The year 2020 proved to be the year of difficult and uncomfortable conversations. Topics about politics, race, and inequality in the United States have come to the forefront of daily conversations on a much wider scale than before. Some may see this as an awakening that spread across America, leading to positive political and social reform. Therefore we, as Americans, must keep these conversations going.
In a nationally representative survey conducted in 2019 by the Yale Program on Climate Change Communication and the George Mason University Center for Climate Change Communication called “Climate Change in the American Mind” researchers found that 12% of Americans do not believe that climate change is real and harmful to the environment. While this seems like a fairly small percentage of people, it comes to a grand total of about 39 million people.
Thirty-nine million people who disregard accurate data, ignore signs of environmental degradation, and refuse to believe the world’s leading climate scientists. The world can no longer afford science skepticism. How do we persuade this many people– more than the entire population of Canada– to change their worldviews?
Environmental Communication Professor Jennifer Ortega believes that the solution may lie in a shift in the way we communicate with climate change skeptics.
“Climate change is so big,” Ortega said. “In every community it looks very different as to how they are supposed to address it. If we talk about how there is, say, a disruption in this hydrological process, people are more inclined to be like, ‘Oh, what does that mean?’”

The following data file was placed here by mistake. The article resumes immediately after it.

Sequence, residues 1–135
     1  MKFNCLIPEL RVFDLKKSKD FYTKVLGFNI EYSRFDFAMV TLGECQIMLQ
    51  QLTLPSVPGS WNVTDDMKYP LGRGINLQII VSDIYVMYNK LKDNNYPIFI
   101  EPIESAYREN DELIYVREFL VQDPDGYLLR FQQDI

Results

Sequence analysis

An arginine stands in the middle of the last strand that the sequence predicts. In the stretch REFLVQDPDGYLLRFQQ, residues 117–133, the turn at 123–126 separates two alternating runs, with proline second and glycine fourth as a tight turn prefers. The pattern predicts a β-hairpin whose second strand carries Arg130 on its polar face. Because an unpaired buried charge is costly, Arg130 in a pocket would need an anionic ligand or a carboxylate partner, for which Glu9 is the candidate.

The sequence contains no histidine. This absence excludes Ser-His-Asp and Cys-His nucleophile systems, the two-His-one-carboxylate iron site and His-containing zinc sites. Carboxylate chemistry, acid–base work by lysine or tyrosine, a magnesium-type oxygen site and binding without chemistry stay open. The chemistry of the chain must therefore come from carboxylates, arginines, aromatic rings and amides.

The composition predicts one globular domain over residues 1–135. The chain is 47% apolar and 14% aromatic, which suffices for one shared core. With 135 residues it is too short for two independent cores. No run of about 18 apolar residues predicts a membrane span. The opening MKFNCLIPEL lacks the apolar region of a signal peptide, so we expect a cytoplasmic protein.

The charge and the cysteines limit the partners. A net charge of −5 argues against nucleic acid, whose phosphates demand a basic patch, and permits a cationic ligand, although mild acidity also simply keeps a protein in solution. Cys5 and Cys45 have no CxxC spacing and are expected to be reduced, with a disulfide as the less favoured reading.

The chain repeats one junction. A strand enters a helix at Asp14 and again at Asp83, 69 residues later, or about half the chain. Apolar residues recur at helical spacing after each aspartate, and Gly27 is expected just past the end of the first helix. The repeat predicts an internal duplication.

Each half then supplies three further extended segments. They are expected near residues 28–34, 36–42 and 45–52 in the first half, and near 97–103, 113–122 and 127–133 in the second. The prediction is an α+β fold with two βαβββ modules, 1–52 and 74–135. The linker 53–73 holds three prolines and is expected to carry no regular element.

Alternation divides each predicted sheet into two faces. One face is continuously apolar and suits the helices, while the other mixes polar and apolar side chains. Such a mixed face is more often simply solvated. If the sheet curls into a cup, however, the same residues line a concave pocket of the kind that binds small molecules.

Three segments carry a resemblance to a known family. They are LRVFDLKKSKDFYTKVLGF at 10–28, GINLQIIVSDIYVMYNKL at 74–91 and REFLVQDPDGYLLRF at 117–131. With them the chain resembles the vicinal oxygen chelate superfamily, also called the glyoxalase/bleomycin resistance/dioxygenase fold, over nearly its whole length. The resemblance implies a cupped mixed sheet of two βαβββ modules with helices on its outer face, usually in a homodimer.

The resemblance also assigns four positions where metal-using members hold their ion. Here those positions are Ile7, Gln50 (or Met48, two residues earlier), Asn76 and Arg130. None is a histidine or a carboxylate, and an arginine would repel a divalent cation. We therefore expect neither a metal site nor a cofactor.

The problem with the constant preaching of “we need to solve climate change” is that people do not know where to begin with that sentiment. The destruction of the Earth is often seen as an insurmountable problem which often leads to either complacency or outright denial. This is because, well, it is hardly possible to wrap our human minds around something as colossal as an entire planet in need of help.
Creating viable, tangible solutions to smaller scale issues has the potential to both give people hope and convince skeptics that these problems are truly occurring. Ortega suggests that leaving the term climate change completely out of the conversation when trying to convince people to take action may be an effective route. People become turned off by the phrase, so keeping them engaged with local issues such as disruptions in a hydrological process or the benefits of electric cars in a city may be more constructive. Language is key.
Environmental Studies Alumnus Miles Kinman agrees with this sentiment.
“It is important to show people how climate change would impact their lives and the area in which they live,” Kinman said. “Sometimes the effects of climate change don’t seem real because the conversation often revolves around far off places such as the Amazon forest. Reframing the conversation in a way that makes people feel more connected to the problem of definitely a necessary step in trying to help people understand climate change is real.”
Environmental studies student Emily Dreyer believes that climate change skepticism is one of the most pressing issues in the United States.
“I think it’s an issue because it can disrupt the dominant narrative of environmental education,” Dreyer said. “Therefore, pressing issues aren’t supported enough and no change occurs. We are running out of time to save our planet and move towards total sustainability and any skepticism disrupts that process.”
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